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Press Release No. 00/63
November 29, 2000
International Monetary Fund
700 19th Street, NW
Washington, D.C. 20431 USA

IMF Approves Three-Year, US$31 Million EFF Loan and Approves in Principle Three-Year, US$13 Million PRGF Loan for the Former Yugoslav Republic of Macedonia

The Executive Board of the International Monetary Fund (IMF) today approved a three-year loan under the Extended Fund Facility1 for the former Yugoslav Republic of Macedonia (FYRM) in an amount equivalent to SDR 24.1 million (about US$31 million) to support the government's economic program. The decision will enable the FYRM to draw an amount in the equivalent of SDR 1.1 million (about US$1.5 million) immediately.

The Executive Board also approved today in principle a three-year loan under the Poverty Reduction and Growth Facility (PRGF)2 in an amount equivalent to SDR 10.3 million (about US$13 million). A final decision by the IMF Executive Board is pending discussion of the FYRM's interim Poverty Reduction Strategy Paper (PRSP) by the World Bank Executive Board, expected to take place on December 14, 2000. The first disbursement under the PRGF will become available in an amount equivalent to SDR 1.7 million (about US$2 million) after a final decision has been taken by the IMF Executive Board.

Following the Executive Board discussion, Shigemitsu Sugisaki, Deputy Managing Director and Acting Chairman, said:

"The Former Yugoslav Republic of Macedonia has successfully established and maintained financial stability despite a difficult regional situation. The government has taken several important steps to move ahead with structural reforms, and these efforts need to be accelerated.

"The authorities' three-year program of structural reforms aims to generate high growth while maintaining a stable financial environment. It includes the following main elements: (i) reducing the excessive direct tax burden, reforming public administration, and rationalizing expenditures; (ii) addressing the problems of key lossmaking enterprises through sale or closure and improving the business enabling environment for private sector firms; and (iii) strengthening the regulatory framework of the banking system and improving the quality of bank intermediation.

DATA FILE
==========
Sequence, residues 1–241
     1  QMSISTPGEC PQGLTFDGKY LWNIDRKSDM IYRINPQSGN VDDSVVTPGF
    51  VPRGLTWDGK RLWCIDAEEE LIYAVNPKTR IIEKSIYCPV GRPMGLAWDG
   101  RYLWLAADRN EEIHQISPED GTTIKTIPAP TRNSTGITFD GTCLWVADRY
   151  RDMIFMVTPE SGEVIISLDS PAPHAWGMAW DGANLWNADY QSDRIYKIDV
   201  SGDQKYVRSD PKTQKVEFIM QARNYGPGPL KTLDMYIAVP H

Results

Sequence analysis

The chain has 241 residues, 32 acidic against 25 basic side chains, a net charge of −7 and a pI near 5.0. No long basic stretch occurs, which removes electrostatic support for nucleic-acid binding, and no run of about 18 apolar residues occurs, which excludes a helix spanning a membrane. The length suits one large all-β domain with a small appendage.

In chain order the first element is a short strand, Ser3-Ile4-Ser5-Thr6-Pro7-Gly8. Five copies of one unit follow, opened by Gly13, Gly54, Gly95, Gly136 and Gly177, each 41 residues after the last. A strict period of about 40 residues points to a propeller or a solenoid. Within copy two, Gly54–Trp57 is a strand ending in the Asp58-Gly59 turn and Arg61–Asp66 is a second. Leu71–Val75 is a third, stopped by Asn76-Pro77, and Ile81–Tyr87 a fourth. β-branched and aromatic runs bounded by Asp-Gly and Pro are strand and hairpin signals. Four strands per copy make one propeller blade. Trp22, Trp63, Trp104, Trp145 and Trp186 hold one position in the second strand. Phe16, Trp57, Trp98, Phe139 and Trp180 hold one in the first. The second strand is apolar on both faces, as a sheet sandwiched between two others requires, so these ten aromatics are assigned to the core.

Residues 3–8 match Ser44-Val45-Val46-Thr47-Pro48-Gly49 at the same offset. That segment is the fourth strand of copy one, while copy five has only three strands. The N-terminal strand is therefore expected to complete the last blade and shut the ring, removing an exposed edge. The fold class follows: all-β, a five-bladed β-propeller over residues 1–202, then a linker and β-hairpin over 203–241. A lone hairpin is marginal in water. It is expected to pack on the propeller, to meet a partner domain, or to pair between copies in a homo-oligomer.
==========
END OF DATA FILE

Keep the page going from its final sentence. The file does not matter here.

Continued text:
"The program envisages that monetary policy will continue to support the exchange rate anchor and complement fiscal policy in maintaining financial stability and promoting structural change. In 2001, the planned reduction in labor taxes which is needed to provide incentive to employers for job creation and spending on reforms will reverse the large fiscal surplus of 2000. However, the authorities plan to proceed cautiously and implement the revenue-reduction and expenditure-enhancing measures in phases. Expenditure restraint through public administration reforms is expected to free resources for tax cuts. Fiscal control and transparency are also expected to increase with the integration of off-budget accounts into the budget and the introduction of a central treasury system.

"On the structural front, the progress made in strengthening bank supervision will be followed up with strict enforcement of guidelines. Implementation of laws on bankruptcy and creditors' rights should improve corporate governance and resource allocation. The sale or closure of some 40 large lossmaking enterprises has been targeted and some closures are likely. In this regard, it is welcome that adequate social safety net arrangements are in place to cushion the impact on displaced workers.

"The interim Poverty Reduction Strategy Paper (I-PRSP) provides a basis for the development of a full, participatory PRSP and for Fund concessional support under the PRGF. The full PRSP should provide details on plans that would protect the interests of the most vulnerable groups, improve targeting of social programs, and prioritize expenditures for poverty reduction projects," Mr. Sugisaki said.

ANNEX

Background

Macroeconomic developments in the former Yugoslav Republic of Macedonia (FYRM) have been favorable since the end of the Kosovo crisis in mid-1999. Economic activity has picked up and foreign exchange reserves have increased substantially. Growth prospects for 2000 and beyond look favorable with real GDP projected to expand by 6 percent in 2000 and by about the same in 2001. Inflation has been subdued except for an on-off level increase in consumer prices in April 2000 as a result of the introduction of the value-added tax (VAT). Consumer prices are projected to increase by 6.1 percent on average in 2000, but inflation is expected to slow to 2.2 percent in 2001. Recovering from the Kosovo crisis-related compression in 1999, imports outpaced exports thus far in 2000 as they have been boosted by higher consumption demand, replenishment of stocks, and the rising international price of oil. However, a wider trade deficit has been more than offset by large inflows of private transfers, privatization receipts, trade credits and sizeable unrecorded inward transactions. Thus, gross official reserves have increased by US$117 million from end-December 1999 to US$595 million as of end-September 2000.